I sometimes forget the degree to which a large part of English Canada despises Quebec. This week, the reminder was brutal.
Ever since the mayors of the Montreal region announced their opposition to TransCanada’s Energy East pipeline this week, English Canada has reacted with indignation. Brad Wall, the premier of Saskatchewan, started the ball rolling last week with an incendiary declaration on his Facebook page. Jason Kenney, former federal minister, and Brian Jean, the leader of Alberta’s Wildrose Party, quickly followed suit.
On Monday, comedian Rick Mercer (who is known for his progressive inclinations) jumped on board in publishing a video with the same arguments: since Quebec receives equalization payments, it must accept the passage of the pipeline through its territory without protest. That’s it, that’s all.
First, this argument betrays a total misunderstanding of how equalization works, as explained by economist Marcelin Joanis, a specialist in the field, on RDI Économie. Equalization payments received by Quebec are not taken from the pockets of Alberta taxpayers, but from the federal government. In short, a significant portion of the funds received in equalization by Quebec come from federal taxes paid... by Quebecers!
Second, the logic pushed by Wall, Mercer, Kenney and company is simply absurd. If we follow their arguments, the provinces that receive equalization payments (that is to say, provinces whose financial capacity puts them below the Canadian average) must not stand in the way of a project that benefits those who receive none (that is to say, provinces whose financial capacity puts them above the Canadian average). Does this mean that half of Confederation must permanently subordinate their best interests to those of the other half?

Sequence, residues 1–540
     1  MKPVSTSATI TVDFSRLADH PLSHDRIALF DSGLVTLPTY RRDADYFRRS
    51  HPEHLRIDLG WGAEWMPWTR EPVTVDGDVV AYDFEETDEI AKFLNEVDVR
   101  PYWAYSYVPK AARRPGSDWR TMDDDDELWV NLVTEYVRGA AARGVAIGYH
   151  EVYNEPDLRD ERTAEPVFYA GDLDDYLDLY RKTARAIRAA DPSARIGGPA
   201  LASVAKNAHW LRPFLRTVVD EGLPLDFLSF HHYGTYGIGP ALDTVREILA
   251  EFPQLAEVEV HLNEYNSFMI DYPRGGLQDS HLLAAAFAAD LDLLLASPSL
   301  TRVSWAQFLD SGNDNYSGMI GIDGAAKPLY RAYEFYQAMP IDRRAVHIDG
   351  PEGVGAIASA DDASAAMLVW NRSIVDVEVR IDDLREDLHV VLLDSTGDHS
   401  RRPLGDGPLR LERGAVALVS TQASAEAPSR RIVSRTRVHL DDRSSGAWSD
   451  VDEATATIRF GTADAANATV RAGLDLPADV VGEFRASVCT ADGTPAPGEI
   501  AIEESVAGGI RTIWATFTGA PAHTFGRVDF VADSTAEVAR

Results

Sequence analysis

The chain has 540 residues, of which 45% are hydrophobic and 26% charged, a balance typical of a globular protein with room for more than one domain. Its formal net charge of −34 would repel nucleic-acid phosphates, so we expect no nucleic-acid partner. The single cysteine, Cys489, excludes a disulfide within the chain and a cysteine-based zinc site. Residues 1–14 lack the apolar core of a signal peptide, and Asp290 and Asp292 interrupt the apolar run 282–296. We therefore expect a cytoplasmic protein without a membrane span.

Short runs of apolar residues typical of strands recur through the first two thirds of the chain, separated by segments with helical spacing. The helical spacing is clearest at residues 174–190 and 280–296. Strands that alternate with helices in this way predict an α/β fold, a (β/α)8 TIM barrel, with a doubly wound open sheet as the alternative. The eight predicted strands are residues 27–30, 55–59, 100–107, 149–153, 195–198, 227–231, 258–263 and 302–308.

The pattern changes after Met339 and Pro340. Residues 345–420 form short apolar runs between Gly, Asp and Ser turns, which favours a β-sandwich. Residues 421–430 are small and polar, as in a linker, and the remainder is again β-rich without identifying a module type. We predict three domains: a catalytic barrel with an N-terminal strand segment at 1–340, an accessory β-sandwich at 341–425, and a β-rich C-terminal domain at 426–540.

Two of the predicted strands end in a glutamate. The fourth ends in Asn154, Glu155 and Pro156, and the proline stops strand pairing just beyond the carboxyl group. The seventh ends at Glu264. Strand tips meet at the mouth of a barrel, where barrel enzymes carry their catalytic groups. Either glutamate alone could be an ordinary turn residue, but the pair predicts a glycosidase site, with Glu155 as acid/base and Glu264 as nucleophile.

It’s an utterly ridiculous idea, especially when we consider the extent to which the emergence of the energy sector in Western Canada, resulting in a stronger Canadian dollar, has hurt the manufacturing sector in Quebec and Ontario. In a 2013 study, it was estimated that for every new job created in the petroleum sector during the past decade, 30 have been lost in manufacturing. In Quebec, tens of thousands of (usually well paid) jobs vanished. We could play the compensation game for a long time.
Third, and more fundamentally, these statements (widely circulated on social media) vividly testify to the persistence of a feeling of contempt and superiority over Quebec in the rest of Canada. When Ontario, which also receives equalization payments, announces its position on Energy East you can bet no one will accuse it of living off the coattails of Alberta. This catchphrase, history has shown, is reserved for Quebecers: “eat your gruel and shut your mouth.”
If many politicians and prominent Canadians like to rap Quebec on the knuckles, it is simply because doing so is politically profitable. And if it is politically profitable, it is because for many Canadians we are neither “partners” nor “compatriots,” but annoying neighbours who always talk too much and are never happy. The irony, in this story, is that the majority of Quebecers do not seem to realize that this is how we are seen.